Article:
Blacks, in 2012, comprised the overwhelming majority of the 215,000 Philadelphians ensnared by Stop-&-Frisk. Philadelphia’s controversial Stop-&-Frisk – currently under federal court review for alleged abuses – is the signature anti-crime program of black Philadelphia Mayor Michael Nutter and is implemented by Nutter’s handpicked black police commissioner, Charles Ramsey.
Nearly half of the 215,000 Stop-&-Frisks in 2012 were conducted without the ‘reasonable suspicion’ required by law, according to a detailed analysis of Nutter’s controversial program released last year by the Pennsylvania ACLU.
That ACLU analysis also undermined the key premise for Stop-&-Frisk advanced by Nutter, Police Commissioner Ramsey and DA Seth Williams, who all claim Stop-&-Frisk has reduced the number of illegal guns used in street crimes ranging from robberies to homicides.
The ACLU analysis examined 1,852 stops during 2012. That examination showed police recovered only three guns – an exceptionally small recovery rate compared to the exceedingly large numbers of intrusive encounters.
A Stop-&-Frisk encounter reportedly sparked that January 7, 2014 assault on Darrin Manning, an African-American and straight-A student, allegedly by two white Philadelphia police officers, where an improper and unnecessarily rough “pat-down” search by a policewoman allegedly damaged the 16-year-old’s testicle. Ire from black community leaders, including Sharpton’s NAN branch, to that assault on Manning forced Philadelphia’s Police Commissioner and District Attorney to belatedly launch an investigation into the alleged incident. Police officials and prosecutors initially ignored that incident, but it has now, in the wake of media attention, morphed into a grand jury investigation.
Despite public outrage and protests, Mayor Nutter has still taken no public position on this incident of abuse, failing even to publicly request an investigation. A spokesman for Nutter said Manning and his family have recourse through legal actions like filing complaints or lawsuits.
None of Philadelphia’s eight black City Council members has taken a public position on the Manning incident either. City Council President Darrell Clark, whose district is where the assault occurred, has criticized Stop-&-Frisk, but has taken no legislative actions against the program that he contends is flawed.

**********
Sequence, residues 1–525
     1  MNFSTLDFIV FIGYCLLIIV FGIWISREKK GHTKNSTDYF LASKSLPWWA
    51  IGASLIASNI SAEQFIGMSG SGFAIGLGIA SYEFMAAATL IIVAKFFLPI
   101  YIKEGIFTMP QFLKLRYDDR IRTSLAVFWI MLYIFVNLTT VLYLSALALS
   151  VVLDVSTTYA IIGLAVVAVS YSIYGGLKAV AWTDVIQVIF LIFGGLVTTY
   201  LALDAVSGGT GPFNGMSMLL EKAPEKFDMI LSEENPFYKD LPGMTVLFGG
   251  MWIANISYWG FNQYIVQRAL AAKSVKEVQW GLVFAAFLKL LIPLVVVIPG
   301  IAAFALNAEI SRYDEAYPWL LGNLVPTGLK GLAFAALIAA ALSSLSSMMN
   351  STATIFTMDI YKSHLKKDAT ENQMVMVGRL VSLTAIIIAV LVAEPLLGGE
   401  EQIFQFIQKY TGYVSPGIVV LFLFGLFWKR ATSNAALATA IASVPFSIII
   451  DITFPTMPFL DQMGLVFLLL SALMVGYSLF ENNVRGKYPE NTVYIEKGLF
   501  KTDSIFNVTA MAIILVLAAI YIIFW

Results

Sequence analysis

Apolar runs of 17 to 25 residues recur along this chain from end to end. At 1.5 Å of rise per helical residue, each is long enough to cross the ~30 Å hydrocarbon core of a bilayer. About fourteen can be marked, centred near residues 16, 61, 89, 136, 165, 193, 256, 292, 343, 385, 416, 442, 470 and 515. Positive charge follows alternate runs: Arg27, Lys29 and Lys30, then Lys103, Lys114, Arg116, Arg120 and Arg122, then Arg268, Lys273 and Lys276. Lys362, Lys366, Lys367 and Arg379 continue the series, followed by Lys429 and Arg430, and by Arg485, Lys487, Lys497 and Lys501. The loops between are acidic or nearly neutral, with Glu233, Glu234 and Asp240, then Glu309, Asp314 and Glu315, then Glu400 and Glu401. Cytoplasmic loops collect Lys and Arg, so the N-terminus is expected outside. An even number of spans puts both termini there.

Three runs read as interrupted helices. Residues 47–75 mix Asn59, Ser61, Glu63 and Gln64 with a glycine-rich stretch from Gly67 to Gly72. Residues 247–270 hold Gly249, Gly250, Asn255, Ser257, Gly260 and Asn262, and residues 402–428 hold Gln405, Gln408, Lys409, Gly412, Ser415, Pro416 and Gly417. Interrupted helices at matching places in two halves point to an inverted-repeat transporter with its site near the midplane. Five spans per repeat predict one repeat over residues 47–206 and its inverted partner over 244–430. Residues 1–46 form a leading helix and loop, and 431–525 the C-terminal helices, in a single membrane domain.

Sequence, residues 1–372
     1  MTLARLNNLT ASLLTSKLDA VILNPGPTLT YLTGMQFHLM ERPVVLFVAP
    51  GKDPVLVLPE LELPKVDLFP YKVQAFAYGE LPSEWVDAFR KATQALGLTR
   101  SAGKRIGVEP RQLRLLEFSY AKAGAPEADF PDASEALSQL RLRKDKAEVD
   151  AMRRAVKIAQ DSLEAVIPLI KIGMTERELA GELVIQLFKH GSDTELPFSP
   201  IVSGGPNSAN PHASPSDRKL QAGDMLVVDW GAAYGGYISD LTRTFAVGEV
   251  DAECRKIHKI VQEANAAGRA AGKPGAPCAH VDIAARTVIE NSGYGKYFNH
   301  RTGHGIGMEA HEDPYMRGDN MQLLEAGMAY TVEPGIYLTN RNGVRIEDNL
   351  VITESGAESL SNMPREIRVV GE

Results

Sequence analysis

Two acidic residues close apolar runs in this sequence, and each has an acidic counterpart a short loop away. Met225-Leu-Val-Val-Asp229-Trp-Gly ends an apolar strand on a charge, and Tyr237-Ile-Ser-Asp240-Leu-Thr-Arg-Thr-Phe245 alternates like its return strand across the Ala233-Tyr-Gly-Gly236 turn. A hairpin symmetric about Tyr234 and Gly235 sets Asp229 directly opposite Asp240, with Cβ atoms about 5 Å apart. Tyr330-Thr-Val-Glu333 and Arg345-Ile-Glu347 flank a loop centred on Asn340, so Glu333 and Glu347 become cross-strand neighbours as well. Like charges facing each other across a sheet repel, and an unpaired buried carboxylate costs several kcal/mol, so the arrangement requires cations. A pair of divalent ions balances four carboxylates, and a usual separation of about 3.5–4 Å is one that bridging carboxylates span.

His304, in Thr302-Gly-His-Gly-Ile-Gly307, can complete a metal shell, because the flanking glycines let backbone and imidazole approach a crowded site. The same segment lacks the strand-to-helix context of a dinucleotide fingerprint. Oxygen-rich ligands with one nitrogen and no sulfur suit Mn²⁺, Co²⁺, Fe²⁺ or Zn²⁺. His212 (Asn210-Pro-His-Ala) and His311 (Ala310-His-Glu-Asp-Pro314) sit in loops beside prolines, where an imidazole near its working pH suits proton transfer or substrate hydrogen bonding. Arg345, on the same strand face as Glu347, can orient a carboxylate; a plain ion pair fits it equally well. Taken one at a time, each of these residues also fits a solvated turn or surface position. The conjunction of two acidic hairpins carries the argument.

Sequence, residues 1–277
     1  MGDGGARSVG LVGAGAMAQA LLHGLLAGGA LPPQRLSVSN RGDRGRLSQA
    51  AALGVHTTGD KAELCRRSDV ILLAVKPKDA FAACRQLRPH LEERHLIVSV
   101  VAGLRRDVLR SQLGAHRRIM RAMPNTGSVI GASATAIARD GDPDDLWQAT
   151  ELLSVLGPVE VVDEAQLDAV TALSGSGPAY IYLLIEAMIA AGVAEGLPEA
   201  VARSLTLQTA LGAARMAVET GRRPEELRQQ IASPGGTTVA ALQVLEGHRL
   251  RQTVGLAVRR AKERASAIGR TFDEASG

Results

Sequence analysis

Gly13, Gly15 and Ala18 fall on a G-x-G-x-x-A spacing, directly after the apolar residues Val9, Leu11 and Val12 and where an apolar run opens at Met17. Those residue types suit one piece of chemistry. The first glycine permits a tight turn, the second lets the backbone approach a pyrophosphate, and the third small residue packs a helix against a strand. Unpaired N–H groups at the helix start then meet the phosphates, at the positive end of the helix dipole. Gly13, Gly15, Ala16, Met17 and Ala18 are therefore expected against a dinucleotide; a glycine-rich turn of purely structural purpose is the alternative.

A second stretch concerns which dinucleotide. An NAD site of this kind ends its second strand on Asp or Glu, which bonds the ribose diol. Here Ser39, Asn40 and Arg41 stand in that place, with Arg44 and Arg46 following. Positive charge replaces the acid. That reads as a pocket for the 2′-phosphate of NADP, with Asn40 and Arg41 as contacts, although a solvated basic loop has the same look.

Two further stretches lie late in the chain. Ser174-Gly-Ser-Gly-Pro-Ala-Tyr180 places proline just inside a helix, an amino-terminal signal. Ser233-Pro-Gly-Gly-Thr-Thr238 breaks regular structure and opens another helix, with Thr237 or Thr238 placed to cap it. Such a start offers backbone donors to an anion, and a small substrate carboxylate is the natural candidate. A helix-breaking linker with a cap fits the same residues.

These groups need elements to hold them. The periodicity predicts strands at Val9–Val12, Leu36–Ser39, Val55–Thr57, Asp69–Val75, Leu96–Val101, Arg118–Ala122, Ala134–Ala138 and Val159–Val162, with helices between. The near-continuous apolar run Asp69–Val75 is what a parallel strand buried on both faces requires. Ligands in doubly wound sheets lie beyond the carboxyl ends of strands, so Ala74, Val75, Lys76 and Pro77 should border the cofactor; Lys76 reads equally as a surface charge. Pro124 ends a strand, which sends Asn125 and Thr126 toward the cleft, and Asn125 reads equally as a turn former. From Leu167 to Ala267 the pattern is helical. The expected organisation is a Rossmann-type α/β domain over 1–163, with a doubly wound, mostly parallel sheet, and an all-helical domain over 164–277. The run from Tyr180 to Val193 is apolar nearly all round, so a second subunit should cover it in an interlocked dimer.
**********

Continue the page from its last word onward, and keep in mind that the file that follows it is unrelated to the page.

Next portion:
Only one of those 16 blacks from Philadelphia serving in Pennsylvania’s state legislature has publicly condemned the alleged mistreatment of Manning, who is awaiting court action on charges that he assaulted a policeman and resisted arrest. (Police in abuse cases typically charge the person who is abused, often trumping up offenses.)
State Rep W. Curtis Thomas, who represents the district where the assault occurred, called for the suspension of the policewoman who caused damage to Manning’s testicle. Additionally, Thomas called on DA Williams to drop the charges against Manning. “I don’t understand why the District Attorney has charged Darrin with assault when he’s the one who’s been brutalized,” Thomas said.
Dr. Tony Monteiro, a professor of African-American Studies at Temple University in Philadelphia and a veteran of campaigns against police abuses, said too many black elected officials embrace the misbelief that reflexive support of police is a required posture for elected office.
Too many black politicians, Dr. Monteiro said, have become part of “the law-&-order establishment that used to be the exclusive territory of white politicians,” and thus have become “unwilling to protect the community against the police.”
One of America’s worst urban riots of the 1960s took place in Newark, NJ, triggered by a July 1967 police brutality incident. That riot, rooted in reactions to institutional racism, ushered the 1970 election of Kenneth Gibson, the first black mayor of any major city in the Northeast. Yet, in 2010, Newark’s then black mayor, Cory Booker, brushed off an ACLU report documenting police brutality in that city. That ACLU report led to a U.S. Justice Department probe, the kind of examination Philadelphia activists have sought, so far unsuccessfully.
Zayid Muhammad, an activist in Newark, NJ, finds the silence on police abuses from so many black elected officials in his city, in Philadelphia and nationwide “disgusting, especially with the long history of police brutality” in America.
Muhammad said blacks must back candidates for elected office who are “supportive of social justice and not just nice people selected by political machines. We need to change our conditions and need people who will stay on point.”